Japanese passports are once again ranked as “the most powerful in the world”. However, the Japanese themselves seem less interested in taking advantage of this.
According to the annual survey of Henley & Partners, a global resident and citizenship consultancy firm, Japanese passports are considered the strongest in the world for the second time now.
Singapore ranked first together with Japan. Countries in Europe, North America and East Asia top the list. USA and UK ranked 15th.
Henley & Partners reviewed passports issued by 199 countries and regions, ranking them according to the number of foreign destinations their owners can go without a visa. As of October, Japanese passport holders can travel to 190 countries and regions with visa-free status, or by applying for a visa upon arrival.
However, Japanese people show that they are less interested in traveling abroad. The number of Japanese students studying abroad has dropped from the peak, according to data from the Japan Association of Overseas Studies. Observers said that relatively few Japanese work for international organizations, compared to the country’s economic size and population.
According to the Nikkei Asian Review , because Japanese passports are often trusted, holders can usually complete entry procedures more smoothly than those from elsewhere. Japanese people can travel to 190 countries and territories without a visa. However, Japan only has a visa-free program with 68 places, including the US, UK, Germany , France and South Korea .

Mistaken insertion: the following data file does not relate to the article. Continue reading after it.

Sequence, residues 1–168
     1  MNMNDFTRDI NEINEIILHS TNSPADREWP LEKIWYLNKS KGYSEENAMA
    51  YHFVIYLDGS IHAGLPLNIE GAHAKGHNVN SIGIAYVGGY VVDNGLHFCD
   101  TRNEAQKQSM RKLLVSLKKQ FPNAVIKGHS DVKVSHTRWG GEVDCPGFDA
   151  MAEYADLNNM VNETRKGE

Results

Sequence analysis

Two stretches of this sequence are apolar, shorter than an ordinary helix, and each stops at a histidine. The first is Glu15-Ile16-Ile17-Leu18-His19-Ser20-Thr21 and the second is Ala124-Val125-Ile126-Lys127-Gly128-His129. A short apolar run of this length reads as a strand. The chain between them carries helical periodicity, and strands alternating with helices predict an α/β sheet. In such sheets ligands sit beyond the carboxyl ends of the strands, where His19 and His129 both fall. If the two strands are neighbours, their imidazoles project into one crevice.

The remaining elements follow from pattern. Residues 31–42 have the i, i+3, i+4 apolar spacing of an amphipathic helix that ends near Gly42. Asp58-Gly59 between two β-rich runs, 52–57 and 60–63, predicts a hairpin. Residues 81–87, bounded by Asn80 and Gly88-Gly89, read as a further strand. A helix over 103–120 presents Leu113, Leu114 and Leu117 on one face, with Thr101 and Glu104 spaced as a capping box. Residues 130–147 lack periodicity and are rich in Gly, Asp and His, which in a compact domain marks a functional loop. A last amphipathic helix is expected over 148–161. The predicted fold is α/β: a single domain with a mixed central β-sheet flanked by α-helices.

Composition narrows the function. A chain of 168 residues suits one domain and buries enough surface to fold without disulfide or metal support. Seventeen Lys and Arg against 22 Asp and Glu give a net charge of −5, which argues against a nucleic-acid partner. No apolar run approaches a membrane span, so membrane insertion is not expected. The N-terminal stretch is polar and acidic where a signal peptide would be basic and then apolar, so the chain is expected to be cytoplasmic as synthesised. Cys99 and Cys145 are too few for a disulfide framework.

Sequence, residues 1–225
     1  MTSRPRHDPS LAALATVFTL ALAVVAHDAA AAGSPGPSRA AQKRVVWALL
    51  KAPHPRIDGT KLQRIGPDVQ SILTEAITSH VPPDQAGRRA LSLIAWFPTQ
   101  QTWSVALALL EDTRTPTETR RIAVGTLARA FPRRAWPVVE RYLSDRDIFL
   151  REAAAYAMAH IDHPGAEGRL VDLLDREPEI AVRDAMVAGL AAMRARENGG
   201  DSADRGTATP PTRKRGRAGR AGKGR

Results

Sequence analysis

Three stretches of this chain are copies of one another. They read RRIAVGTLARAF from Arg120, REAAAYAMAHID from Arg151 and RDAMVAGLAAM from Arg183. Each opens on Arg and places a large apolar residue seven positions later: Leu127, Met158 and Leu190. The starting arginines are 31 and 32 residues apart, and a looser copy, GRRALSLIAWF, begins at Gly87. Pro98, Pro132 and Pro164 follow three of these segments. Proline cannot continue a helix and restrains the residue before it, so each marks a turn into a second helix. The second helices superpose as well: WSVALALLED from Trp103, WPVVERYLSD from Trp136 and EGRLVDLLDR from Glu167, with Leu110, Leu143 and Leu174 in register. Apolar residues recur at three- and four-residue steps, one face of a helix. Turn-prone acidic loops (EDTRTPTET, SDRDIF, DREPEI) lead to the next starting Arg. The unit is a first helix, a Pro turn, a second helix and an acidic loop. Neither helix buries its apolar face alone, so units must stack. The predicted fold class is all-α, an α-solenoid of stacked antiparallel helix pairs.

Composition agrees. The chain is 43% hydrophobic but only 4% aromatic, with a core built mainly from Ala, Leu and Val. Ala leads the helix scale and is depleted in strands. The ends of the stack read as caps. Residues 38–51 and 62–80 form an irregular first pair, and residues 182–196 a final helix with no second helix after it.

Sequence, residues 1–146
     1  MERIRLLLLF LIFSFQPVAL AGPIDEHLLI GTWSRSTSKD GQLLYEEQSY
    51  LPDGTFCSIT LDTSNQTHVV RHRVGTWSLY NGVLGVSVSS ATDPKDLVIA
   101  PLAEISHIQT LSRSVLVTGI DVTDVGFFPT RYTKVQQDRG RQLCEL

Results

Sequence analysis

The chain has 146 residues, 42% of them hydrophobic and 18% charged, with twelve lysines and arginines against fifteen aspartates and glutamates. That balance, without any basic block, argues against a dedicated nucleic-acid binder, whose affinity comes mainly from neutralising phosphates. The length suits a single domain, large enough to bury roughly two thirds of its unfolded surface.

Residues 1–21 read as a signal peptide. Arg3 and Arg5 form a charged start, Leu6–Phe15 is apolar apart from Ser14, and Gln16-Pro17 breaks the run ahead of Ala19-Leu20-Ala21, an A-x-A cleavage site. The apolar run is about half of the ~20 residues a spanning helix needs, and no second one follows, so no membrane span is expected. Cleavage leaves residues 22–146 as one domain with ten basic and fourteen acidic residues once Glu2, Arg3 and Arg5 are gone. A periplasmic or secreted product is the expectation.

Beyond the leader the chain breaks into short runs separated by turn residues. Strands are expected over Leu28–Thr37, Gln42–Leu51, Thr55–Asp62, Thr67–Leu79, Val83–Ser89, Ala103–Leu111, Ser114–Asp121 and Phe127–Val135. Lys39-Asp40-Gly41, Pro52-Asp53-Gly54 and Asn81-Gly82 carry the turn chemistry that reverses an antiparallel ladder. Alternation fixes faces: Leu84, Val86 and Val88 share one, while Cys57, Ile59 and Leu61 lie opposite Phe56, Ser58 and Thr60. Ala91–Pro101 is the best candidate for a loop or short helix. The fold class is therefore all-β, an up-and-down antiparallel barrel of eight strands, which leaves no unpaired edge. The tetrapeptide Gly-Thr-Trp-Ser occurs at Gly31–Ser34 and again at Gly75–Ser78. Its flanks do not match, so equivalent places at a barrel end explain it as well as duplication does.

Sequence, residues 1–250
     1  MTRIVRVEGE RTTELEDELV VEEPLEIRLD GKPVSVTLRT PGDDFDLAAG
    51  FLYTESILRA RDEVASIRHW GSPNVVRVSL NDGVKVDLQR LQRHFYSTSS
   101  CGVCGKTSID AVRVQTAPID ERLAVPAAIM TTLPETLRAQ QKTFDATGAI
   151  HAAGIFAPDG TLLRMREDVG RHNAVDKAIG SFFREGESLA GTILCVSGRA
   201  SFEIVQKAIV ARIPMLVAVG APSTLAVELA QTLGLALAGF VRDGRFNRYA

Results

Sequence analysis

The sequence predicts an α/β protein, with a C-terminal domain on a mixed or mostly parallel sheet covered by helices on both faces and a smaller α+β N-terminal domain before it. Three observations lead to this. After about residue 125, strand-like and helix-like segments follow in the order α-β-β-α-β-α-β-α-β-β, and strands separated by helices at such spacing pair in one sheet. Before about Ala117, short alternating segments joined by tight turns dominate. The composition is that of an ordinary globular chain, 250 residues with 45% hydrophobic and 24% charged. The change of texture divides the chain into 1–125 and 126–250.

The Japanese can get a warm welcome in some parts of the world just by showing their travel documents – an obvious benefit of having the most powerful passport in the world. However, many Japanese do not seem interested in traveling abroad. Only 23% of people own a passport – a sign that the country is becoming more introverted in an era of globalization.
In the U.S., the proportion of passport holders has increased by 17 percentage points in the past 12 years, to about 44% in 2019, according to data from the Census Bureau and the State Department. Meanwhile, the proportion of Japanese with a passport is the lowest among the seven major industrial countries (G7).